The Reserve Bank of India (RBI) in a letter to the finance ministry has put forward a proposal to open an ‘Islamic window’ in conventional banks. The move is a stepping stone to its consideration of introducing Islamic banking in the country.
The RBI and the Union Government have been exploring the possibility of introducing the Sharia-based foundation since quite long in order to include even those sections of the society that remain outside the banking circuit due to religious reasons.
The information was revealed when a copy of the letter was sent to Press Trust of India, in response to an RTI filed by it.
Response of RBI to the RTI query
• Islamic banking may be introduced in the country in a gradual manner, considering the inexperience of Indian banks in the sphere and complexities of Islamic finance.
• At first, only products similar to those of conventional banking will be considered for introduction through an Islamic window at the conventional banks.
• The full-fledged introduction of Islamic banking will be considered at a later stage, based on the experience gained during the time.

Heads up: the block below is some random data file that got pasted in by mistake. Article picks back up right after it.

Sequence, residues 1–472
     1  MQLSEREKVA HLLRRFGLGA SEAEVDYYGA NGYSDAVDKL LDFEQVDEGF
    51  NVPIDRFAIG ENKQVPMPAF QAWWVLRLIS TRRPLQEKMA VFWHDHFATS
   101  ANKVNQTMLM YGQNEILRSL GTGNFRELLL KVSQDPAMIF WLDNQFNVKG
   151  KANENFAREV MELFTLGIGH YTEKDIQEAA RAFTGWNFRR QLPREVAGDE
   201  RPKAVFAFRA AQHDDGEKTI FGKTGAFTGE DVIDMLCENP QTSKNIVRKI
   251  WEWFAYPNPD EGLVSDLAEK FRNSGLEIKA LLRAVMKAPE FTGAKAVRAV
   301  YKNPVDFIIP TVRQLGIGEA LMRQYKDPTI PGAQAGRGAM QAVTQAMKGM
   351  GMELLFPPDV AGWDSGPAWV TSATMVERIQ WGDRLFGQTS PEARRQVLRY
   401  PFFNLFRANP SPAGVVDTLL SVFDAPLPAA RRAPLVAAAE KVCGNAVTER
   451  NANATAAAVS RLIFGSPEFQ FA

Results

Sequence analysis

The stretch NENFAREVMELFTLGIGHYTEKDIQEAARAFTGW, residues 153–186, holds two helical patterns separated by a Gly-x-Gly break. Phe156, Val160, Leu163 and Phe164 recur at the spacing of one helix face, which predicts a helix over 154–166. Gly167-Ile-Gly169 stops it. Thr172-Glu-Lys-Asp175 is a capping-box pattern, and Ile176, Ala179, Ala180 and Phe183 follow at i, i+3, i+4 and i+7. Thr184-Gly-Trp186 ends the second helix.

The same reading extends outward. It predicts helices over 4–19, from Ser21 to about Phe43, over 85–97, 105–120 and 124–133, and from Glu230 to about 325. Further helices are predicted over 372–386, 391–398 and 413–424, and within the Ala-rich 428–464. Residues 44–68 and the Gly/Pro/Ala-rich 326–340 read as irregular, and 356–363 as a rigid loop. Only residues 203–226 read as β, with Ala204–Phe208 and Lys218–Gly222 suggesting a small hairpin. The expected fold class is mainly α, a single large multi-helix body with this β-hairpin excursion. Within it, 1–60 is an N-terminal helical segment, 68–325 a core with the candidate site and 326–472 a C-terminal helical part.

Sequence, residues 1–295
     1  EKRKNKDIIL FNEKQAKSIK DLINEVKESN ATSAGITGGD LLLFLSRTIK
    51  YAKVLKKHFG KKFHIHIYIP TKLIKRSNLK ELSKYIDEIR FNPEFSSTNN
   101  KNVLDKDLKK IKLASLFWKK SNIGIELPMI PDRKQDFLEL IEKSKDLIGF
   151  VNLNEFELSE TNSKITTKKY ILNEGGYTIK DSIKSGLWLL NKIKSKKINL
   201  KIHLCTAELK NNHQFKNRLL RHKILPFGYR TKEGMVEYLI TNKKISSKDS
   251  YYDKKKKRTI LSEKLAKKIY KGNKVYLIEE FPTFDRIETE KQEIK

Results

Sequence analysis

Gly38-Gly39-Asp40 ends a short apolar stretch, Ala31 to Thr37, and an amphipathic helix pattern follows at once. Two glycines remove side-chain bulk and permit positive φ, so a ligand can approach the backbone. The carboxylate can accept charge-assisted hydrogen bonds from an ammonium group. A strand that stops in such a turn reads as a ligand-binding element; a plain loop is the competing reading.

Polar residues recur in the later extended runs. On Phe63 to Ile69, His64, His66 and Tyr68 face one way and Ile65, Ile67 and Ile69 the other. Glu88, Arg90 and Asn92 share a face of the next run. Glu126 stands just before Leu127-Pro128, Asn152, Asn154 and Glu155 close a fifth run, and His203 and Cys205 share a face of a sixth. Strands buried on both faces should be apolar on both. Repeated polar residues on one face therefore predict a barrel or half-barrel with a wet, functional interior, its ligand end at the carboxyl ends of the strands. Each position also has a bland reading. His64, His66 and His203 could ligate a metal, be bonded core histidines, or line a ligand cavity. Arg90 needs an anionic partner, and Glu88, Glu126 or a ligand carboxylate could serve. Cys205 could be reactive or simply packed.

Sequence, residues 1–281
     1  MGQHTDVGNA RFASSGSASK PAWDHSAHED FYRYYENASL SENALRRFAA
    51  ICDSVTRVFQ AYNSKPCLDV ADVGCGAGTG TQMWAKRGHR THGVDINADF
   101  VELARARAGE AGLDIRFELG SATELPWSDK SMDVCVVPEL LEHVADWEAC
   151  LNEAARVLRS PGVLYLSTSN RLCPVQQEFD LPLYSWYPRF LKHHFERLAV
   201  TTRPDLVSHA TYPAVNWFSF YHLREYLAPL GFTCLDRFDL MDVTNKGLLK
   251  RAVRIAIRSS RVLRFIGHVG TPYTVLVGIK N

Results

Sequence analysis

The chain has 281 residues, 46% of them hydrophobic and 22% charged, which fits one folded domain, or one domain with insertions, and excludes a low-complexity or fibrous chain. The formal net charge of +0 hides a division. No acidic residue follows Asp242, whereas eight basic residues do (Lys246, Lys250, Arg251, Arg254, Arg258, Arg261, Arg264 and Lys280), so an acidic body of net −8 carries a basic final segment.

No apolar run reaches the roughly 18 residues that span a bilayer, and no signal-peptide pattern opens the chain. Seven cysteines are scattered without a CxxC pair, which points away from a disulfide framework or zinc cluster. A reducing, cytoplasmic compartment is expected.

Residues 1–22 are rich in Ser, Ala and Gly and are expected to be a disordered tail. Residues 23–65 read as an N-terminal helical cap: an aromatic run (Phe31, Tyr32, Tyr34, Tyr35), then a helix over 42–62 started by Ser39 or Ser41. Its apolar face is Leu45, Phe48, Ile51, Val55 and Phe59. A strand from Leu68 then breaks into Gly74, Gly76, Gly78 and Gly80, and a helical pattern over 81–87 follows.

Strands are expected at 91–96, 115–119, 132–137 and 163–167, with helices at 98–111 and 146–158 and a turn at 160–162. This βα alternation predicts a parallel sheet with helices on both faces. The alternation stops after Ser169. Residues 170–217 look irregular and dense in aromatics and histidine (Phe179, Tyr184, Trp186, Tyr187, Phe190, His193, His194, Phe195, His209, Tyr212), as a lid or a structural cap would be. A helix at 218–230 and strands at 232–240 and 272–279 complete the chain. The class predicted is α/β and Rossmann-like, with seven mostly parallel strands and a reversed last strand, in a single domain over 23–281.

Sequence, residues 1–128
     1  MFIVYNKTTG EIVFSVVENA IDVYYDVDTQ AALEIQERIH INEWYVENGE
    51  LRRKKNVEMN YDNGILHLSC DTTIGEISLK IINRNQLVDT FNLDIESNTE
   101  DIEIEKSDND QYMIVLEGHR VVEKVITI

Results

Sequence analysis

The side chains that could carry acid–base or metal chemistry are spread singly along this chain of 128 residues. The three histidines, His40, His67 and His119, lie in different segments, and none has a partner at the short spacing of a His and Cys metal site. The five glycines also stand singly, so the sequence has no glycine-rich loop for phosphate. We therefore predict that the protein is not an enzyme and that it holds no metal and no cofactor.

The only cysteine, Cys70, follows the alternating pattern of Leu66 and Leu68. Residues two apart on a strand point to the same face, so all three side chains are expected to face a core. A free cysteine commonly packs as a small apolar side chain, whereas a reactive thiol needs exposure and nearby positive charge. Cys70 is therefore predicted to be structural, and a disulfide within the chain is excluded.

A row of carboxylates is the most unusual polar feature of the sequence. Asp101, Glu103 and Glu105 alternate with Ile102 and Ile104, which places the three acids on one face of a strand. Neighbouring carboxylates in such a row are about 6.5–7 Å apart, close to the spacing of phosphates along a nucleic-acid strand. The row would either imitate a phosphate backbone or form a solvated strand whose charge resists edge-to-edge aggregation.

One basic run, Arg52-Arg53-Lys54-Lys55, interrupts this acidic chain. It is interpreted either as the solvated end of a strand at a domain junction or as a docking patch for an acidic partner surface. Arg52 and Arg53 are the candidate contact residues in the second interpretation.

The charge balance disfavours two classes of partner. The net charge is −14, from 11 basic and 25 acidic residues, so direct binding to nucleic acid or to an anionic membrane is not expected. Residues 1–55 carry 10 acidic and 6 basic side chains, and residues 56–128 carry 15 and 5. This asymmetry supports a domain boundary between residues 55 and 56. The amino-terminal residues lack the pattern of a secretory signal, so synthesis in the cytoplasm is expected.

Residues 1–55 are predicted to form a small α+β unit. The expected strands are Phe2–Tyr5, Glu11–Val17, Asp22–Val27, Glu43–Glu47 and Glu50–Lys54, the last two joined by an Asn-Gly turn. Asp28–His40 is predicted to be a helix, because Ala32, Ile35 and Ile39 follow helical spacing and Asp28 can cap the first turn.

• It is a financial institution that is based on the principles of the Islamic law (Sharia). It is also known as Sharia compliant finance.
• All its dealings, transactions, investment focus and business approach are derived from the Sharia law.
• Its governing principles are as follows:
- Absence of interest–based transactions
- Introduction of Islamic tax, zakat
- Avoidance of economic activities involving oppression and speculation
- Discouragement of production of goods and service that go against the Islamic value
In order to introduce Islamic banking, RBI still has to put a lot of things into place. For instance:
• Operationalisation of Sharia boards and committees
• Exploring feasibility of extending deposit insurance to Islamic banking deposits.
• Identifying the financial risks in such a framework
• Formulating appropriate criteria for Islamic products.
The plan, however, of introducing the Sharia-based banking structure has found stiff opposition from certain political and non-political groups.
Where: Conventional Banks